Setting the Connection String Programmatically on a Crystal Reports ReportDocument

Programmatically setting the connection string for a Crystal Reports ReportDocument will allow you to have the report automatically use the active connection string for the rest of the application (as in previous posts). In this case, the report is created using a method that is triggered by clicking a button on a form. The log on information must be applied to each table in the ReportDocument.

        Private Sub Button1_Click(ByVal sender As System.Object, ByVal e As System.EventArgs) Handles Button1.Click
            Dim crReportDocument As ReportDocument
            crReportDocument = New ReportDocument
            crReportDocument.Load(<>)

            Dim sConn As SqlConnectionStringBuilder = New SqlConnectionStringBuilder(<>)

            Dim tables As CrystalDecisions.CrystalReports.Engine.Tables = crReportDocument.Database.Tables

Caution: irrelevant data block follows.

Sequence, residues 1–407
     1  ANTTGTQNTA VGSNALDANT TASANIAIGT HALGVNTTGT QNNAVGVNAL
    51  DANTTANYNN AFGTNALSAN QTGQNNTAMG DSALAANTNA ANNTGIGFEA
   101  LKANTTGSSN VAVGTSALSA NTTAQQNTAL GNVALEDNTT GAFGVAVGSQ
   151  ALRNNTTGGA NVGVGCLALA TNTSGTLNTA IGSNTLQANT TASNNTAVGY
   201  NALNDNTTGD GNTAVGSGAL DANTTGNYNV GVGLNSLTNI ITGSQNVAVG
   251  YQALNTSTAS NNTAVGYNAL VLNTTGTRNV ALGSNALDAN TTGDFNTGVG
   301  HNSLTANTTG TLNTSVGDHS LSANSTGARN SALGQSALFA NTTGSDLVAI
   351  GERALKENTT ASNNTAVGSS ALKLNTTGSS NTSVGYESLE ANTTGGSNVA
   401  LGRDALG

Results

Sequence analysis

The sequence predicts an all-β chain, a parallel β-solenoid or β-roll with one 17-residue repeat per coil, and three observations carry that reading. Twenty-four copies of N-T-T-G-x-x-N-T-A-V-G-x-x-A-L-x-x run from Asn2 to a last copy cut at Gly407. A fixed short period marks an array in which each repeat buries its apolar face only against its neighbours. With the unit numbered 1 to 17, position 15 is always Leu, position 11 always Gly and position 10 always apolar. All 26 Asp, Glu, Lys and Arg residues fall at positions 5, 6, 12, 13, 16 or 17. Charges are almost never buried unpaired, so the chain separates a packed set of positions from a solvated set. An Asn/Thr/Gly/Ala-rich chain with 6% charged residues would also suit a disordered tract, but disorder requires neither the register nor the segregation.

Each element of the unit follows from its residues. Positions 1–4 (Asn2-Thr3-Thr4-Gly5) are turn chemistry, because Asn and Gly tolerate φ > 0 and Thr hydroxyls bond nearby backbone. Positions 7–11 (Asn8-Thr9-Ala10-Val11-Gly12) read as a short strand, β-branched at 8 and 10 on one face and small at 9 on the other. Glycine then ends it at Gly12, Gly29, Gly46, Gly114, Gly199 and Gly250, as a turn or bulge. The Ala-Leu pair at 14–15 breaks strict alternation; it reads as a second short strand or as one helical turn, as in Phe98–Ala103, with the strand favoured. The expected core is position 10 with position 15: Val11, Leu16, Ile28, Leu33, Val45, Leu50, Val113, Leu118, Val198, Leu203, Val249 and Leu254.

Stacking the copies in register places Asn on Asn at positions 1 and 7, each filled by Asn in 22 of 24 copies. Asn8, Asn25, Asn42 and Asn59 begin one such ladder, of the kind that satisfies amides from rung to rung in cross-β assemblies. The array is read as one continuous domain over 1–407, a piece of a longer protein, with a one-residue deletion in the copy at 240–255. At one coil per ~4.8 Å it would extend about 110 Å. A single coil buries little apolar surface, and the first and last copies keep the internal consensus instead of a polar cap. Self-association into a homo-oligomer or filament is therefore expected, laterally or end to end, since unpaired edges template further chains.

For Each table As CrystalDecisions.CrystalReports.Engine.Table In tables
                Dim tableLogOnInfo As CrystalDecisions.Shared.TableLogOnInfo = table.LogOnInfo
                tableLogOnInfo.ConnectionInfo.ServerName = sConn.DataSource
                tableLogOnInfo.ConnectionInfo.DatabaseName = sConn.InitialCatalog
                tableLogOnInfo.ConnectionInfo.IntegratedSecurity = True
                table.ApplyLogOnInfo(tableLogOnInfo)
            Next

            ' ...

       End Sub

Classics of Software Engineering

Even though I have been writing programs for most of my life, that does not mean that my programs have always been written well. Only following the standard prohibitions on spaghetti code and documenting well does not a good program make.

The best advice I ever got about writing programs was to read two books:

1. The Pragmatic Programmer, by Andy Hunt and Dave Thomas
2. Code Complete, 2nd Edition, by Steve McConnell

After applying the techniques from these books, your programs will be much easier to maintain, and much more efficient.

A third book that is also quite helpful is Design Patterns: Elements of Reusable Object-Oriented Software by Erich Gamma, Richard Helm, Ralph Johnson and John Vlissides (aka the Gang of Four).

These books are all available at Amazon.com in paper or Kindle format.

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